THE GODFATHER, PART II
BY CHRIS BOURKE
Bob Dylan’s bark is now worse than his bite – and that’s a good thing. Love And Theft (Columbia) introduces an eccentric old man who could live down the road; sometimes it’s a pleasure to take in his reminiscences over the fence, other days he’s liverish or arthritic so his outlook is bleak. You can tell what mood he’s in by the song he’s croaking from the porch. Whether it’s a nostalgic reverie or a world-weary warning, the songs all reek of experience and the old man is worth treating with respect.
After the shock of the hectoring evangelism of Slow Train Coming (1979) had died down, Dylan’s releases were treated with diminishing respect or even interest. Only the slickly crafted and accessible Oh Mercy (1989) interrupted the apparent creative decline, and its patchy success seemed accidental once it was realised he had left the decade’s best track ‘Blind Willie McTell’ as an outtake. In the 1990s with his two albums of ancient folk songs World Gone Wrong and Good As I Been To You we seemed to be watching him stuck in a holding pattern, wondering if he could land safely before running out of fuel.
That all changed with 1997’s harrowing Time Out of Mind, which was Bleak House rebuilt as Bedlam. The songs featured a character that seemed to have wandered out of the pages of Flannery O’Connor: a misanthropic rest-home escapee, stumbling through the streets croaking out “The end is nigh!” Melancholic or haunting depending on your disposition, it made uneasy listening but it was undeniably a late-career statement to add to the canon. Time Out of Mind had a consistent mood of looking back with a jaundiced eye. After it was recorded, Dylan’s life-threatening heart virus acted like a marketing tie-in and for the first time in years critical respect was not only deserved but also forthcoming.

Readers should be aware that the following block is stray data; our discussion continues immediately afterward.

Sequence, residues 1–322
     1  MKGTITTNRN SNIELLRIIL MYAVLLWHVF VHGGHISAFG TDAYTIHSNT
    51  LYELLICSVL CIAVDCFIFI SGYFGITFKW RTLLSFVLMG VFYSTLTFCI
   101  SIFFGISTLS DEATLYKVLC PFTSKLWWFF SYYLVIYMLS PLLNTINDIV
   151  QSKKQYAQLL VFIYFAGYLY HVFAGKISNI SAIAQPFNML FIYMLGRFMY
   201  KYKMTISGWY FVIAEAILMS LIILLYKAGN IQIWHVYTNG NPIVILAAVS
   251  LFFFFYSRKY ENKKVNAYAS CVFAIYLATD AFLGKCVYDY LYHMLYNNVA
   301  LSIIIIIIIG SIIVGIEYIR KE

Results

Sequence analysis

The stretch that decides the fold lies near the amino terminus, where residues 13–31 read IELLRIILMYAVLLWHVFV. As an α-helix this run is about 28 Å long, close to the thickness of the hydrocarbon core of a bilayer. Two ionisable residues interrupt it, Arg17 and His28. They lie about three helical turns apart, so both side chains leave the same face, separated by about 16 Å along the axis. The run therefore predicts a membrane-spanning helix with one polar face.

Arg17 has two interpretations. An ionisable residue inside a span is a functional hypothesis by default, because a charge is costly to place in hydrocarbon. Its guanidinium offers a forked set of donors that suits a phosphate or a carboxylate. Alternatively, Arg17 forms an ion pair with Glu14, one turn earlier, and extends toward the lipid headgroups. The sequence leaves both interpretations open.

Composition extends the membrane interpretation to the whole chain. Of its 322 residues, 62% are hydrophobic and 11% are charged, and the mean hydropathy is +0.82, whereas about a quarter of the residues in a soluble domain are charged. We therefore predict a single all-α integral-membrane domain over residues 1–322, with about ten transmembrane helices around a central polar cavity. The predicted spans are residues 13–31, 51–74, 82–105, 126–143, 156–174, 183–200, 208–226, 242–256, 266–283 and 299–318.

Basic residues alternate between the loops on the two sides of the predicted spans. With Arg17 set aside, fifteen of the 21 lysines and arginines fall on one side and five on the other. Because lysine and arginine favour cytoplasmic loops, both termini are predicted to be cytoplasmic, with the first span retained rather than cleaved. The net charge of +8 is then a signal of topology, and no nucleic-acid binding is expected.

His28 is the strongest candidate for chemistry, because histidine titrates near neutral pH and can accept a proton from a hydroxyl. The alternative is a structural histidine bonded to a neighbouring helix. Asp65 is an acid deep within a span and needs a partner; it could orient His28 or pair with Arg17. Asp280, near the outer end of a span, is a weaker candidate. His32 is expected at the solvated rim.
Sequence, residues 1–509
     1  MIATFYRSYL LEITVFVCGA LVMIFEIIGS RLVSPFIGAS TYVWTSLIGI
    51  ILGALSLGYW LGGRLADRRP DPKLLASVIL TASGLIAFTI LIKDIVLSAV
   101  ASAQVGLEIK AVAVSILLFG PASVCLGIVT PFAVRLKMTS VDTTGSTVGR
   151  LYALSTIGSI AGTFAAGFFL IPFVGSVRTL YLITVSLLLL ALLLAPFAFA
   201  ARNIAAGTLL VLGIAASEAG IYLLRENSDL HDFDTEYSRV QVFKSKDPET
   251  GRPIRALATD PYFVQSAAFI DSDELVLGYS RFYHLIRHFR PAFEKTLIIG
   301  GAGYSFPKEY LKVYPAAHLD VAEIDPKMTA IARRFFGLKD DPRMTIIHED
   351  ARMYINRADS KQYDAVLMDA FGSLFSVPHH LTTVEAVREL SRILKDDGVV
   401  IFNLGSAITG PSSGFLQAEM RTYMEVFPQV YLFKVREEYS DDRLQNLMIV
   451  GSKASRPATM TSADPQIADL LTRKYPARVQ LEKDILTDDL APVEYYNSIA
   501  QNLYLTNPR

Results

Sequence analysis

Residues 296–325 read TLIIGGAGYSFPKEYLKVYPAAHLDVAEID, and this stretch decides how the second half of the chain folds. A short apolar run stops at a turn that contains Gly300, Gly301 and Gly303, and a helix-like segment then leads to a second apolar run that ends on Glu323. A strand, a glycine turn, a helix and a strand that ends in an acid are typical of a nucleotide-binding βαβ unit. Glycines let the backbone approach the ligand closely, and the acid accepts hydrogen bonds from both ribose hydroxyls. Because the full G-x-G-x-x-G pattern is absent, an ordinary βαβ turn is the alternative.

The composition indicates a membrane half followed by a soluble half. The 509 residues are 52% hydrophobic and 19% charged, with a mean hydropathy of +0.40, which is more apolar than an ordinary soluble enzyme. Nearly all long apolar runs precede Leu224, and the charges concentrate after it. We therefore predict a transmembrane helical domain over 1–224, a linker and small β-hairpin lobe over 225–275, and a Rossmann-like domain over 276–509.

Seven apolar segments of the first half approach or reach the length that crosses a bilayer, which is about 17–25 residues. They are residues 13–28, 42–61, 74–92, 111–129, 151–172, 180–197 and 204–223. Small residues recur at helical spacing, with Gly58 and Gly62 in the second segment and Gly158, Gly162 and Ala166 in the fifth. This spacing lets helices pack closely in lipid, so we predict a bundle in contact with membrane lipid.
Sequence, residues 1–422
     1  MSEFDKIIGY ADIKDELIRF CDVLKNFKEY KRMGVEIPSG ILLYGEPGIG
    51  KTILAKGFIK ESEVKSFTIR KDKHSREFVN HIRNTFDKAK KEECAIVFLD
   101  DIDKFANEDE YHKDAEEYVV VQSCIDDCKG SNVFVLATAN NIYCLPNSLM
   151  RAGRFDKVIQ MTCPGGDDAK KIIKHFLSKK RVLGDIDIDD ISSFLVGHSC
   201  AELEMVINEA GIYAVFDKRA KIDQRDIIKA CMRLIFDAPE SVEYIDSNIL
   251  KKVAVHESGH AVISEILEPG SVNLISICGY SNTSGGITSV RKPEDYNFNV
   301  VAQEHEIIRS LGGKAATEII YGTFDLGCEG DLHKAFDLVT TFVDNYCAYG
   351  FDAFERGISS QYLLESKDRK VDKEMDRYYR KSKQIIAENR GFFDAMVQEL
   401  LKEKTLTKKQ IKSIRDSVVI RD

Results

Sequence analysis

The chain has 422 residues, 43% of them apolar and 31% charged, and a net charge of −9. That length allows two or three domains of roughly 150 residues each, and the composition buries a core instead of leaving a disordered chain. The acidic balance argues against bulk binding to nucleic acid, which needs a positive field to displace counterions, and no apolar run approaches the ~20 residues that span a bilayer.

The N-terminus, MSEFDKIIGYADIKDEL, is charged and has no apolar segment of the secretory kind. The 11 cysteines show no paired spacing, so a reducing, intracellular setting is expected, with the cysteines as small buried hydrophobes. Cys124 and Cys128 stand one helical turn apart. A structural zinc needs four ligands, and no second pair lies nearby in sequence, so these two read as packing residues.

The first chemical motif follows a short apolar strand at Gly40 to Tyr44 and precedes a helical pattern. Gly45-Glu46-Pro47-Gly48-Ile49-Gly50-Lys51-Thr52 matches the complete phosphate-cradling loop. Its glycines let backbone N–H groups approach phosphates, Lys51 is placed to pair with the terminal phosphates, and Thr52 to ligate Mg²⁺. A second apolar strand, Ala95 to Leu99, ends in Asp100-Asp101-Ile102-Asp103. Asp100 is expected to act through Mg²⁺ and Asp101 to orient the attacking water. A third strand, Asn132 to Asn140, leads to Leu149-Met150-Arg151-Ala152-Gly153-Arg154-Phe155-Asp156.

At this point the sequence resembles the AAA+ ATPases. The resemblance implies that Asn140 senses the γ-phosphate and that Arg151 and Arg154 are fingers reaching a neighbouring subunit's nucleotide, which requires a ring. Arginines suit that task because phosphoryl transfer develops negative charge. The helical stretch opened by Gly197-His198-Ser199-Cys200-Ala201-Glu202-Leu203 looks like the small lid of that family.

Dylan, the wily man of many masks and more career re-inventions than Jeffrey Archer, had been one step ahead all along. The two albums of folk-blues classics were a scholarly tribute to his musical primer: Harry Smith’s Biblical Anthology of American Folk Music. Time Out of Mind brought this heritage up to date – and showed that this roots music was indeed timeless.
His own timing was impeccable. The former student of Smith’s illuminating text was by now the godfather of all things Americana. It answered those who asked “O brother, where art thou?” – he was sitting at the right hand of Dock Boggs and Ira Louvin all along.
So the obituaries were rewritten into 60th birthday celebrations. The message of Love And Theft is that Granddaddy’s been in the basement, mixing up the medicine – and the potion is invigorating. Dylan’s 43rd album sees the brooding character of Time back on the dance floor, cutting a rug: he’s charming the wallflowers, winking at his drinking buddies, winding up the kids with shaggy dog stories.
Time Out of Mind’s heart-of-darkness is present only in a moving leftover called ‘Mississippi’: to a ruminative melody, a drifter is still stuck inside the Deep South, trying to get to heaven before they close the doors. Otherwise, we hear an aging border gypsy joyously stomping out R&B in battered cowboy boots. Rather than the grizzled studio vets of Time, Dylan has used his well-oiled road band, and all pistons are firing. They revisit the blues, country and rock’n’roll of Highway 61 and Blonde on Blonde with a casual rapport only possible after years together on the boards. Western swing, rockabilly, Elmore James: this band is a roots jukebox. The Backbeatles.
Dylan’s voice, once the most flexible of instruments, becomes increasingly an acquired taste. Ragged from years of touring and misuse, it now slips between two textures – croak and rasp – and about as many notes. There are nostalgic serenades here that sound like Bing Crosby crooning with throat cancer; blues that recall Howlin’ Wolf getting down in the groove. The voice is well-worn and deteriorating fast, but still a playful tool. Dylan’s astute sense of metre and dynamics remain, and like an old actor the interest is often in his ad-libs. He says with inflections what he used to say with melodies.
The big difference with Love And Theft is it sees the return of Dylan’s humour, his forte in Greenwich Village days. The album is populated with the offbeat characters, cautionary tales and barmy stories of The Basement Tapes, delivered with sly, Marxist one-liners. That’s Groucho Marx, calling down to room service to “send up a room”. We meet Darwin on the run from creationists, encountering a flood that would test Noah; and a Southern Romeo and Juliet, dancing to an old string band. These are tales heard on Grandpa’s knee, as he sings along to his old 78s. He doesn’t always make sense, but there’s an enigmatic wisdom to his words.
When Dylan first emerged as “the voice of a generation”, he echoed Kerouac and Holden Caulfield, with a distrust of phoneys, of leaders, of anyone over 30. Now he’s twice that age, and soon so will his baby boomer audience. Time Out of Mind faced an abyss of ageing that suggested “abandon hope, all ye who enter”. Love And Theft describes a happier alternative: a hoedown at the Sunset Home.